“Had we anticipated the situation today, we would not have put a ‘Jin’ (a Chinese character meaning finance) in the name of Ant Financial (Ma Yi Jin Fu).” In June 2018, Chen Liang, vice president of Ant Financial, publicly claimed that the key word in ‘Ma Yi Jin Fu’ was not, in fact, ‘Jin’, but ‘Fu’ (a Chinese character meaning service). However, it is clearly ‘Jin’ that resonates most in the market.
Throughout 2018, the ‘opening-up’ of Ant Financial to the banking world progressed rapidly. Take May for instance — Ant Financial cooperated successively with Huaxia Bank, Everbright Bank and Shanghai Pudong Development Bank to work on fields such as AI, supply chain cooperation, biometrics and data risk management. On the other hand, Yu’E Bao started collaborating with several fund companies, while Ant Credit Pay established the necessary connections with banks and other financial institutions.
Reuters once quoted people in the know to say that Ant Financial needed to accelerate its transformation due to the increasing regulatory pressure imposed on its core financial businesses including payment, microcredit, credit rating and financial management; in the future, its business focus will shift away from payments and consumer finance to technical service, since “banking regulators monitor the company’s financial services at its headquarters in Hangzhou almost every day.”
Ant Financial is indeed flexing its technical genes — according to official information from Ant Financial, by Dec. 2017, technical staff accounted for 61% of its employees. Jiang Guofei, vice president of Ant Financial, claimed in May 2018 that “Ant Financial’s number of patents in the field of blockchain ranks first in the world.”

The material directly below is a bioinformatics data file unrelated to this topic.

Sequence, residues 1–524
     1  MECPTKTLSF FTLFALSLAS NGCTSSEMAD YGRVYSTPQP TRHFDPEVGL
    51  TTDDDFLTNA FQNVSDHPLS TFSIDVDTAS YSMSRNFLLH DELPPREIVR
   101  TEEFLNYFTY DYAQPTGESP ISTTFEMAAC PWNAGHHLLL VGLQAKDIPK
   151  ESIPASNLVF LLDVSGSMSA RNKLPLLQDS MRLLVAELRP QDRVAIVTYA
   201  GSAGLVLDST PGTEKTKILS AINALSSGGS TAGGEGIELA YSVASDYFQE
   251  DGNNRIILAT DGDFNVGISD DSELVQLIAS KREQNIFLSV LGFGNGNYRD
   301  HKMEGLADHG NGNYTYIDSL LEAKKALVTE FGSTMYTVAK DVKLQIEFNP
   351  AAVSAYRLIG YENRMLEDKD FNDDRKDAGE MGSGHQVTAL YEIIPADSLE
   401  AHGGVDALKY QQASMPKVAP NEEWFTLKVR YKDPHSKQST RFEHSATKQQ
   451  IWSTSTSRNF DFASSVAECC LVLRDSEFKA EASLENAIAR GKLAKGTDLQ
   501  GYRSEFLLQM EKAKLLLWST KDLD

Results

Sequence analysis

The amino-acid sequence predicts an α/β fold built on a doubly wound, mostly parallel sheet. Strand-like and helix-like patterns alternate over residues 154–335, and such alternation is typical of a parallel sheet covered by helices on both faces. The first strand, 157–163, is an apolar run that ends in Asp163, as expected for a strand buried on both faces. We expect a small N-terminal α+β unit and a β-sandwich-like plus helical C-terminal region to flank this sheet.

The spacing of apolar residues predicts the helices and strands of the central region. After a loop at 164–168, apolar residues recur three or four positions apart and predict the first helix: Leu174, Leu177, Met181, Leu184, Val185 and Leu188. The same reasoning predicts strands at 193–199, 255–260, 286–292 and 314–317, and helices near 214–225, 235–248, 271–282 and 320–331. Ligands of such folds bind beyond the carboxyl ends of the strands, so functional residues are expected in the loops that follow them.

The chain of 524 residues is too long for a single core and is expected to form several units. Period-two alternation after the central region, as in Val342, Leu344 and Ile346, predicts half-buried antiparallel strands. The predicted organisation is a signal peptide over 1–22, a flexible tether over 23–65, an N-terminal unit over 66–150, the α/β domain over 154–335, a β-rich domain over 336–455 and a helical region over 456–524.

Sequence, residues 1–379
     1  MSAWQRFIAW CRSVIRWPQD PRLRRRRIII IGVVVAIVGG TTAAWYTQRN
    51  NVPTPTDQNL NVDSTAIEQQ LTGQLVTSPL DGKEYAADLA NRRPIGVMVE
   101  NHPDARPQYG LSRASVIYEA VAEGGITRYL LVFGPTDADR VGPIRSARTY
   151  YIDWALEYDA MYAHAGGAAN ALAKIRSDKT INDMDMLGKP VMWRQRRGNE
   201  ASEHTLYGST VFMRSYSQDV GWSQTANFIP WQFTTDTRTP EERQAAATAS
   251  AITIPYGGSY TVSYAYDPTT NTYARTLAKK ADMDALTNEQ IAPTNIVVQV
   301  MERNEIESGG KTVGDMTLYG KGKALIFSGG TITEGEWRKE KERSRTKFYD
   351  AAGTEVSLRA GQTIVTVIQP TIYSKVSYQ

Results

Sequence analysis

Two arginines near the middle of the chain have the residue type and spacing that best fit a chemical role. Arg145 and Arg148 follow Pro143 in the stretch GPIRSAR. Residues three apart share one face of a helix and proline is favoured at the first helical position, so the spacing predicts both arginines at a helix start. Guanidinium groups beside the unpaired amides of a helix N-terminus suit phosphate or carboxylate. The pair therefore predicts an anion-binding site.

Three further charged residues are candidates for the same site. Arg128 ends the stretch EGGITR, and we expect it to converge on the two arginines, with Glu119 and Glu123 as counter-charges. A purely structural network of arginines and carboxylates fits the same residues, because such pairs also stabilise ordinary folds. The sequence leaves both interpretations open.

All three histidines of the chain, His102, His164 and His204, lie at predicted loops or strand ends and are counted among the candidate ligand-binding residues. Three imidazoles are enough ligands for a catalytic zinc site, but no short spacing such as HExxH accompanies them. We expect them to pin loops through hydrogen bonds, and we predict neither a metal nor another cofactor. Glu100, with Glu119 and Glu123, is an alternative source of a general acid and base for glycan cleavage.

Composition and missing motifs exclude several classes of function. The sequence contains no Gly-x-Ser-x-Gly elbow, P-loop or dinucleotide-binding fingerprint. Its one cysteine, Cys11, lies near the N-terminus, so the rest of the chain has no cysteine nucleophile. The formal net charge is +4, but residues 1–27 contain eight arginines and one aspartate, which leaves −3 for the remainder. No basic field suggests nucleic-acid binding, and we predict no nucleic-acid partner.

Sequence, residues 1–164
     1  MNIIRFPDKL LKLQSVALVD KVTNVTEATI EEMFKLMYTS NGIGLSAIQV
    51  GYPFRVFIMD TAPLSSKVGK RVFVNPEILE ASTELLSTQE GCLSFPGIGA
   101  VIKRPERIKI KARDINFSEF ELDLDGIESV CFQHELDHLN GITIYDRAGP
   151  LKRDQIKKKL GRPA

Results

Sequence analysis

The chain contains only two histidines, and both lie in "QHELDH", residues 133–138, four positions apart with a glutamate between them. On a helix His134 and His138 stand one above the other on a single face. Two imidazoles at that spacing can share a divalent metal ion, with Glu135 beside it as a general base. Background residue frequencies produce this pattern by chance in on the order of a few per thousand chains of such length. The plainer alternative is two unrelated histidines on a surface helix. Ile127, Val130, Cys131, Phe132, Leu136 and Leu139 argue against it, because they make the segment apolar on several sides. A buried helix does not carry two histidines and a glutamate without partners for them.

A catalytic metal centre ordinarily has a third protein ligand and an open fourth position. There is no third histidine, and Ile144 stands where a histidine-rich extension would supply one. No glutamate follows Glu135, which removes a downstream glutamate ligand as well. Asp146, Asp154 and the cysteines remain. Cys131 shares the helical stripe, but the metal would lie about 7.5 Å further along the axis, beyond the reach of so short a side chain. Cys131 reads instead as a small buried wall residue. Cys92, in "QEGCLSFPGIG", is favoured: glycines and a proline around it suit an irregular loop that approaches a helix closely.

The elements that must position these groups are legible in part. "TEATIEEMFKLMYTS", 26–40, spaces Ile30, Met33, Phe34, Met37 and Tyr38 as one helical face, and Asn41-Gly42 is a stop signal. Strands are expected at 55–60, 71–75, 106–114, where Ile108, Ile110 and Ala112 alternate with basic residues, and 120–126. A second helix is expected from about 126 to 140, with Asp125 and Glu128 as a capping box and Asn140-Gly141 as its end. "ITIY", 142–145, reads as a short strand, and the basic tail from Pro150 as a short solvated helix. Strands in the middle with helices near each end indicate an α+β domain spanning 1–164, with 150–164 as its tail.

Monetary investment in primary markets is a better reflection of a company’s change at the macro level, and its true strategy. Ant Financial is continuing to build its investment profile, with several investments in consumer fields, such as lifestyle (Chinese food-delivery platform Ele.me) and travel (bike-sharing firm ofo).
Consumer spending is closely bound up with mobile payment. For Ant Financial, mobile payment, rather than social intercourse, is the unshakable basis of its entire business model. It is Ant Financial’s entry into almost every business.
This trait becomes even more evident when ants go out to sea. In its foreign investments, wallet payment projects account for the majority. Foreign digital wallets significantly influenced by Ant Financial include India’s Paytm, South Korea’s Kakao Pay, Ascend Money in Thailand as well as its sub-company True Money, DANA in Indonesia, GCash in the Philippines, TNG in Malaysia, Hong Kong’s Alipay HK and TMB in Pakistan.
Paytm, Alibaba’s holding subsidiary in India, has already become the country’s №1 mobile payment company, while further scoping out of consumer spending fields has begun. At the beginning of 2018, Zomato Media Pvt, an Indian version of Ele.me, raised $200 million from Ant Financial.
In China, Ant Financial has transitioned itself from a ‘super-payment portal’ to an ‘open-end financial platform’. Yet outside China, the ‘super-payment portal’ is still in an embryonic stage. It is foreseeable, though, that in this battle for new continents, giants Ant Financial and WeChat Pay will continue to battle it out in the fields of e-commerce, offline retail and travel sharing.
In contrast, the ‘open-end financial platform’ has just budded overseas. Former president of Ant Financial Peng Lei, in her role as CEO (she resigned Dec. 2018) of Lazada, an e-commerce firm in Southeast Asia, on Apr. 18th, 2018 introduced Lazada’s “Cardless Installment” service, allowing qualified clients to buy its products and pay in installments. Introduction of this quasi-Ant Credit Pay service was the first action taken by Peng Lei after assuming office.
10 years ago, even Jack Ma, who announced plans to "overturn the banks", would unlikely have foreseen the current size of Alipay. And now Tian Guoli, the president of CCB, one of China's Big Four banks, reveals his true feelings: "In recent years, traditional banks have constantly suffered under the Fintech companies. Now, we are confident to say that traditional banks are about to 'overturn' them."